We made an impromptu visit to a museum last weekend…and ended up sick, of course. Sandra has been on the couch for 3 days straight and hardly looking like she is perking up at all. But Rene never gets hit hard – if it’s survival of the fittest, he’s the last one standing! My goal for the week had been to have zero device time because it feels like that is all they ask for – beg for. However, when the sickies hit, I do tend to let the TV play from dawn til dusk, and so, the kids can consider this their binging period because once we are healthy again, it’s going to be device-free for a while.
Since Rene is not really sick with much more than the sniffles, sitting and watching TV all day does not use up his incredible reserves of energy. I have found that he’s much more rough than he generally is, more physical, and overall not a very good listener. Thus, for a while, though I am not feeling very well myself, I took him outside today. At least nine inches of snow dumped on us Thursday night, resulting in a snow day Friday and a fair covering of snow left though it has warmed up to about 40 degrees today. Donned in snow pants and boots, Rene wanted to make a snow tunnel. No problem, seeming as I took a class at my university’s campus in the Adirondack Mountains once about winter mammalian ecology which discussed how small mammals will tunnel under the snow. To get the full lesson, we did our own survival training and dug an awesome snow cave too. So today, I put my old college lessons to use and dug out a tunnel for the kid.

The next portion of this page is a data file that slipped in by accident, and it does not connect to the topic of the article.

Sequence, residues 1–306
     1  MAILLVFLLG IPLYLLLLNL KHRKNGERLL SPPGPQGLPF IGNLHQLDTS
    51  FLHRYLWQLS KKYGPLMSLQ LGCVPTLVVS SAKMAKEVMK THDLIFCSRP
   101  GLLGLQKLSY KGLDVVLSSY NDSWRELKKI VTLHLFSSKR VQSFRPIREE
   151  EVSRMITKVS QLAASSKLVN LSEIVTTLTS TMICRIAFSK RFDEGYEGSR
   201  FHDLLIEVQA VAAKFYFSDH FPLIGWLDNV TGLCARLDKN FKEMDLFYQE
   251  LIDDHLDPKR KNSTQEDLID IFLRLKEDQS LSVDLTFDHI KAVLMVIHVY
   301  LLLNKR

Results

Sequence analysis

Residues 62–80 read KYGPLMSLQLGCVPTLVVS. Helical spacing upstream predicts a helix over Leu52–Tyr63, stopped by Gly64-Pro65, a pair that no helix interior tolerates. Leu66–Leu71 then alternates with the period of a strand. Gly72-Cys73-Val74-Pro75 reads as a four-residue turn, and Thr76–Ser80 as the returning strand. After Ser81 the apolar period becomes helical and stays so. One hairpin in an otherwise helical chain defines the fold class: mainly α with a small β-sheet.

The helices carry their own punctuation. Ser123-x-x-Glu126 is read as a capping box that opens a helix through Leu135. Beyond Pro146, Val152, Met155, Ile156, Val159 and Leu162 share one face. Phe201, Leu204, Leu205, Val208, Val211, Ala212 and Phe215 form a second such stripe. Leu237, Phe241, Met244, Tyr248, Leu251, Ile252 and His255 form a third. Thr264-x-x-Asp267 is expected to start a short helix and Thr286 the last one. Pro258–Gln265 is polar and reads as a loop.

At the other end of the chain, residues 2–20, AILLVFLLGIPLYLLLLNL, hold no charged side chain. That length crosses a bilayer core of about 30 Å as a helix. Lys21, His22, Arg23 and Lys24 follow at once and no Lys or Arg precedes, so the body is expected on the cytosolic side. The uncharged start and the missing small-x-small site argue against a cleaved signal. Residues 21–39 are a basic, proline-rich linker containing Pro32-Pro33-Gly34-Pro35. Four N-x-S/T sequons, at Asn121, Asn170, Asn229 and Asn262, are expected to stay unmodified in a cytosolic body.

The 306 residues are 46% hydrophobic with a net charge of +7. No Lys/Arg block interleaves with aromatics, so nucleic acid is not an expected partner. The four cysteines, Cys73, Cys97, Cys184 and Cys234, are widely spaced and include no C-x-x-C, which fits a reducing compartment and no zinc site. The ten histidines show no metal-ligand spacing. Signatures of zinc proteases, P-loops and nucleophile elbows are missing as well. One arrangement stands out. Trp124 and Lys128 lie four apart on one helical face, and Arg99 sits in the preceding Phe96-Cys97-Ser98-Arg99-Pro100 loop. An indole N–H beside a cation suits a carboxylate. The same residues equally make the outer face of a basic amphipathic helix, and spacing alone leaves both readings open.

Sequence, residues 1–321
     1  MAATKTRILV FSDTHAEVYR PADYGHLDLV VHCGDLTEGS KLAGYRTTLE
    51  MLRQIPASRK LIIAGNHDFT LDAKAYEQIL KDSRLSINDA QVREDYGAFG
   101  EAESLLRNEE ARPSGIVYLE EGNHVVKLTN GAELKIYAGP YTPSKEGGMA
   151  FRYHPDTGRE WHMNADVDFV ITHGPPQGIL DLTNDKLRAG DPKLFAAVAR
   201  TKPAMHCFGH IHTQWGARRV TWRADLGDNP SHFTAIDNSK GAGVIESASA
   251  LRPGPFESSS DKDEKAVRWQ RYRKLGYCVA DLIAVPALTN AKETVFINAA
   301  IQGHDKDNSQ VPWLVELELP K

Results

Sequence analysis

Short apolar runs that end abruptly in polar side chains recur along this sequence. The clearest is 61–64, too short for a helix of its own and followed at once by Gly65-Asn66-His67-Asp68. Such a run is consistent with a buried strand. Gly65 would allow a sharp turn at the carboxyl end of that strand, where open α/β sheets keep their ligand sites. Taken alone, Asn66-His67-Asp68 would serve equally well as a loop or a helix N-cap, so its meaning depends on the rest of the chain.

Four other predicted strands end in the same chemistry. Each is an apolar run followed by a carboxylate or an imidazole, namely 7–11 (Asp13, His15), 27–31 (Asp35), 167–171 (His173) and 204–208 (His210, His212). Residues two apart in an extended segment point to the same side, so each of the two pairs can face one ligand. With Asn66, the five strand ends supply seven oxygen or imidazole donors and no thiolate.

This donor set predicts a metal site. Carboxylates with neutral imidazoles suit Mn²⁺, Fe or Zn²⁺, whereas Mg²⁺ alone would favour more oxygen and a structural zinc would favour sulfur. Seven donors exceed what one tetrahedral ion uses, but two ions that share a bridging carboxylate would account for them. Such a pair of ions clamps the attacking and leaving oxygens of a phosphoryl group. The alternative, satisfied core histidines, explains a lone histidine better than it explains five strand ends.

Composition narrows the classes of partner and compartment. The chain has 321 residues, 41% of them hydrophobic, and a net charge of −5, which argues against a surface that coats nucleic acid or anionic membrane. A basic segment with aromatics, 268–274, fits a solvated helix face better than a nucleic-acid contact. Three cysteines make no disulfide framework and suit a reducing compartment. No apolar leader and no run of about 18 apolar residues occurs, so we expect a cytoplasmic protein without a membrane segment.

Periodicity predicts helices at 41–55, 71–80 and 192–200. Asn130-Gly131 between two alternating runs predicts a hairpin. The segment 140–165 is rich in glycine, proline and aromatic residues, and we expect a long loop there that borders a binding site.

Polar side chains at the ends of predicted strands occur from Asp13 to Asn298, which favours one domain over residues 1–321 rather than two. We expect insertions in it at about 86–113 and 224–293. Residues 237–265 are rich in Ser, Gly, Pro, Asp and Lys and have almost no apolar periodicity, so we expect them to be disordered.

How to Dig a Snow Cave/Tunnel
1, For gear, get a regular snow shovel and a metal garden shovel. You may also want a hand shovel for finishing touches.
2. You can either pile up a a huge bunch of snow or dig into snow that has been pushed by a plow. At home, I always choose the second option because it’s less work and the snow is good and packed already.
3. Start digging your tunnel inward at ground level, big enough for a person to get through. As my tunnel today was for a child, I made it child-sized. People that really get into making their snow caves will make a doorway that curves so that warm air is kept inside. You might need to use a smaller shovel to dig out the inside of the cave in that case.
4. The further in you dig, the harder it is to loosen the snow with the snow shovel, so switch to the garden shovel to knock it off the walls and ceiling, and then scoop the snow out with the snow shovel.
5. Dig as far as you wish. Rene wanted a tunnel, so I eventually went to the back side of the snow pile and began to dig from over there.
6. Once the form of your cave is dug, use your hand shovel to shape it to your liking, raising the ceiling to your preferred height.
7. After your cave is formed, gently pat and/or rub your hands along the walls and ceiling to compact the snow so that it won’t knock off easily when you rub against it.
8. Viola! Your cave is built!
Some people make snow caves big enough to camp in. Check out these instructions from Outdoors with Dave.
Share your thoughts and ideas in the comments section below!